5. Impartiality is important. As trained professionals, we planners can more easily provide an impartial perspective than a client’s spouse or friend can, and certainly more easily than a client can provide to herself.

But we’re not immune to bias. We all have our idiosyncrasies, our “money scripts,” as it were.

I myself am fairly risk averse (I mean aside from having my husband quit his job to look after the kids and me launching my own firm that won’t support us for a couple years. Whee!)

I’d rather focus on lowering expenses than earning more. I have to be careful to not impose those values on my clients.

6. Accountability and discipline is essential. I’m sure there exist people out there, somewhere, in a place I haven’t visited, who have enough drive and self-discipline to keep making the hard financial decisions throughout the year, every year, without outside help.

More likely they might find that support in a spouse, a mom, or a friend. Most likely of all, frankly, is that they could find it in a financial professional.

Why Bother with a Financial Planning Philosophy?

I’m all wordy and stuff, so it makes sense to me to have an explicit financial planning philosophy. But why do I think it’s good for all financial planners?

For Your and Your RIA’s Sake

I have bought the “niche” argument hook, line, and sinker since before even starting my firm. It has been a godsend.

It has enabled me to make decisions about, well, darn near everything in my business with speed, efficiency, and confidence(-ish): where to market, how to market, what to write about in my blog, which industry publications to read, which software tools to use, how to shape my client process, how to communicate with my clients.

I focus on working mothers in high-tech. You can probably see how that would naturally feed into those categories: I use social media mostly on Facebook (that’s where da moms are), I read publications like FastCompany and TechCrunch, I write about college planning and stock options, I allow for clients on every other Saturday and late into the evening 3 days a week, and I need to be willing to use almost every videoconferencing tool under the sun.

Likewise, when I started thinking about my financial planning philosophy, I realized it had already been shaping how I’ve built my business, my client process, and the advice I give to clients.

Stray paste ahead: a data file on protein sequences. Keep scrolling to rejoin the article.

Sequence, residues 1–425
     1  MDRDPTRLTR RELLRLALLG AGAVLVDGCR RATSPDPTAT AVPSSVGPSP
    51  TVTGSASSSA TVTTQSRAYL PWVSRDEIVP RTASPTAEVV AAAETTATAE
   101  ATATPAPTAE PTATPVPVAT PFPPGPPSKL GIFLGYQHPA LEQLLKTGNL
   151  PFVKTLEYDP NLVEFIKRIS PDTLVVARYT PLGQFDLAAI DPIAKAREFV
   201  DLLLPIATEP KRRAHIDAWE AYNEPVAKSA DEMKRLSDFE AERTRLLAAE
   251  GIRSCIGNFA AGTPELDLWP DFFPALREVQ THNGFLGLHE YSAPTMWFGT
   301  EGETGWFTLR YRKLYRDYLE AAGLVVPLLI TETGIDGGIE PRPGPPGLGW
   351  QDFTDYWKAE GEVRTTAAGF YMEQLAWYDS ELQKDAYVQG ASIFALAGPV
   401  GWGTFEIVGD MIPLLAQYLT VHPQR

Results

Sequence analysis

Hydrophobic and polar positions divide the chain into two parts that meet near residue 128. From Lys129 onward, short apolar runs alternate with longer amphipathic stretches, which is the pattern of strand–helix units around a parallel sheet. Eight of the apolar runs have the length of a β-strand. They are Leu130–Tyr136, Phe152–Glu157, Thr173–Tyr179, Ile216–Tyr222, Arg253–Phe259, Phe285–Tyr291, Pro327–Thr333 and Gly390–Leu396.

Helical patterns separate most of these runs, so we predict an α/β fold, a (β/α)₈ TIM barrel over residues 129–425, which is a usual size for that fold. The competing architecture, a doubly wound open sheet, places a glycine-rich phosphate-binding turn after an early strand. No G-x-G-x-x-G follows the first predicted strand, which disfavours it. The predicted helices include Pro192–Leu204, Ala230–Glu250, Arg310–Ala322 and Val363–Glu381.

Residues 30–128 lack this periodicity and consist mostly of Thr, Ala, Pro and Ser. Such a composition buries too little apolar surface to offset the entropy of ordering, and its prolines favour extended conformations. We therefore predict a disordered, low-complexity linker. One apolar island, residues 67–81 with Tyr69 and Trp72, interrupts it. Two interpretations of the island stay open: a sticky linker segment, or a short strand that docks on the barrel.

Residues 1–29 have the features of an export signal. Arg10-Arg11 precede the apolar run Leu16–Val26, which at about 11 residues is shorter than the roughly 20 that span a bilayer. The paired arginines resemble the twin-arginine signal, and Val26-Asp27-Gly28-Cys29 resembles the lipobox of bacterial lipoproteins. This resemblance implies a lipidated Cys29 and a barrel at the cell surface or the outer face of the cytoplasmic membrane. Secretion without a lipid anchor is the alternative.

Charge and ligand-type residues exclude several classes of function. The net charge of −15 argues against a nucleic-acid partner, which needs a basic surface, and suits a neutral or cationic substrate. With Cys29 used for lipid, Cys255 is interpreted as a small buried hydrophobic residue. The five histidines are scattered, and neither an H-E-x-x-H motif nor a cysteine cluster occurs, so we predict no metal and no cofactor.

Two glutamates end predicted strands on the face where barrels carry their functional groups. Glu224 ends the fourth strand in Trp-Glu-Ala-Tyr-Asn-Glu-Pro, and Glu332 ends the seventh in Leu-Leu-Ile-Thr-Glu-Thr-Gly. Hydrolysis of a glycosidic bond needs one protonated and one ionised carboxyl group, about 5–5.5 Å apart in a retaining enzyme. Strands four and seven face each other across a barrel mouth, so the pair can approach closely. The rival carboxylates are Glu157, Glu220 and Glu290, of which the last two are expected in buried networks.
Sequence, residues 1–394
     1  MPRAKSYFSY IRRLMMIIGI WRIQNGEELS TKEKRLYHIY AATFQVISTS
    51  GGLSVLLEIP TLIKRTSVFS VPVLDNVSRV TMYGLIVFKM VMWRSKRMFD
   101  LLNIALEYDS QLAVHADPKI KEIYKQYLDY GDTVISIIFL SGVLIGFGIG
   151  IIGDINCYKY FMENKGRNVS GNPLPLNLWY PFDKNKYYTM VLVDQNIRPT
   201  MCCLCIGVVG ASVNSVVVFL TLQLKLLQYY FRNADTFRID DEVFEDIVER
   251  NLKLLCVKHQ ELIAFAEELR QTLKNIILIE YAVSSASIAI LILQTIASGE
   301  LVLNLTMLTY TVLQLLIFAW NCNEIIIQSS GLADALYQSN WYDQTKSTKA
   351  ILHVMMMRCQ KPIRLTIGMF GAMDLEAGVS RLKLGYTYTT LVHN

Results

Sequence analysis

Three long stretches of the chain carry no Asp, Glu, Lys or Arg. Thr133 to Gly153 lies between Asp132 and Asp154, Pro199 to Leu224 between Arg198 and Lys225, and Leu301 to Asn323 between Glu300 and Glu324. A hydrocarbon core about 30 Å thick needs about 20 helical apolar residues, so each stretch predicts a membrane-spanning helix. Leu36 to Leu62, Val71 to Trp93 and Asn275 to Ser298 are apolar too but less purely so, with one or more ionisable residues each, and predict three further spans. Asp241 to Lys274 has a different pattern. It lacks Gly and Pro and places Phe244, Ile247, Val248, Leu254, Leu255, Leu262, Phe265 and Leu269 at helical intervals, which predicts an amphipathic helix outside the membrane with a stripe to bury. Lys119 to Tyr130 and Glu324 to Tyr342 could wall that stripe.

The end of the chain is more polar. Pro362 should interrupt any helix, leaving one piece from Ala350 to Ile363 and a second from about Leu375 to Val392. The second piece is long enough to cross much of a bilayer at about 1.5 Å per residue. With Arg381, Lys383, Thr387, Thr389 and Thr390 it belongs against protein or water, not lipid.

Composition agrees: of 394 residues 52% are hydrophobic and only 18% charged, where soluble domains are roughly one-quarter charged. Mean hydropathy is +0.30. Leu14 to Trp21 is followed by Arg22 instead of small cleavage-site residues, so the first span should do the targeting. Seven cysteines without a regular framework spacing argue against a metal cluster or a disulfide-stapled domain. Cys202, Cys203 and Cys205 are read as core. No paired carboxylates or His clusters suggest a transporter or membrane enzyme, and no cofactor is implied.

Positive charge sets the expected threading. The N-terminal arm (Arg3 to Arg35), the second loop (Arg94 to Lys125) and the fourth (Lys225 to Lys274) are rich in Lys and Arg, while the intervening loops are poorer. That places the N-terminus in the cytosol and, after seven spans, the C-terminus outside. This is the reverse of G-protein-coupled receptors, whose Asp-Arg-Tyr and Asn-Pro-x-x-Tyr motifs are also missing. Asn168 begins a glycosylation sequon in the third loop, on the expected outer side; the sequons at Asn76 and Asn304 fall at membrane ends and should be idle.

Some examples:

I gladly “give away” my expertise on financial planning whenever the opportunity arises, and I try to do so every week on my blog — because there is no secret sauce.

I don’t fear it hurting my business at all. It is the rare someone who has the time, interest, and discipline to do it themselves; and if they, more power to them! Happily, I see this dynamic all over the fee-only profession.

I also start my engagement with clients by doing a comprehensive financial plan because I believe in the process, not a single deliverable.

But I pick only the two most urgent recommendations and encourage the clients to do them now. I schedule the remaining recommendations throughout the year.

My client service calendar shows clients that we’ll touch on every part of their financial life throughout the year, every year.

Need help designing important components of your RIA? Save your seat on our next Intro Webinar and learn how XYPN’s community can help.

And because I believe simplicity is worth paying for, I usually recommend that clients roll over an old 401(k) to an IRA even if the 401(k) is awesome, and I usually recommend they keep their cash in their stupid, practically-no-interest bank account instead of shuttling it all around the internet of banks to eek out an extra 1% interest or so.

I think we all are better served to pay an extra $20 in fees annually in an IRA or forego that $50 extra annual interest in order to have fewer accounts to remember, manage login credentials for, get tax returns from, and link to

For Your Clients’ and Prospects’ Sake

Clearly, the more intentional our practice of financial planning, the more our clients benefit. The better we convey why we do what we do, the more likely a client is to pick the planner who’s right for them.